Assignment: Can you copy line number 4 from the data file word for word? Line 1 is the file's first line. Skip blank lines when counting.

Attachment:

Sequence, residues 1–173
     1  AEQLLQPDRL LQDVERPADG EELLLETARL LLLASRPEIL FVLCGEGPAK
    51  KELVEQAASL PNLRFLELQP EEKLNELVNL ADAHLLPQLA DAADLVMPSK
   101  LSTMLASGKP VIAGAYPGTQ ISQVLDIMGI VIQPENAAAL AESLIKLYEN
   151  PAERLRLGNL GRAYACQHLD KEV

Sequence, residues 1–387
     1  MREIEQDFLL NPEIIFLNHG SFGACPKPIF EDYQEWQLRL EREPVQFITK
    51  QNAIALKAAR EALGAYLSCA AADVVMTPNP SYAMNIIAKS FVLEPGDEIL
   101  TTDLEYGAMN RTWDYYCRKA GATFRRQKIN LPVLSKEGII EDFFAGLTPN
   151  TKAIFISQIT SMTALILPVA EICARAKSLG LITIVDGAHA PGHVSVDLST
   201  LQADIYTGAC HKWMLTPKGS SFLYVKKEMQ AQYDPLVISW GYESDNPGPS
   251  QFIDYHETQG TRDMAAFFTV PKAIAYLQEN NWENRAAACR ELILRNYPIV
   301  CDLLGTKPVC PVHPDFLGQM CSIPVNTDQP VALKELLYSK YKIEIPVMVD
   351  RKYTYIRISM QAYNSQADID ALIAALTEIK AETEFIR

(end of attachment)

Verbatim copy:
   101  LSTMLASGKP VIAGAYPGTQ ISQVLDIMGI VIQPENAAAL AESLIKLYEN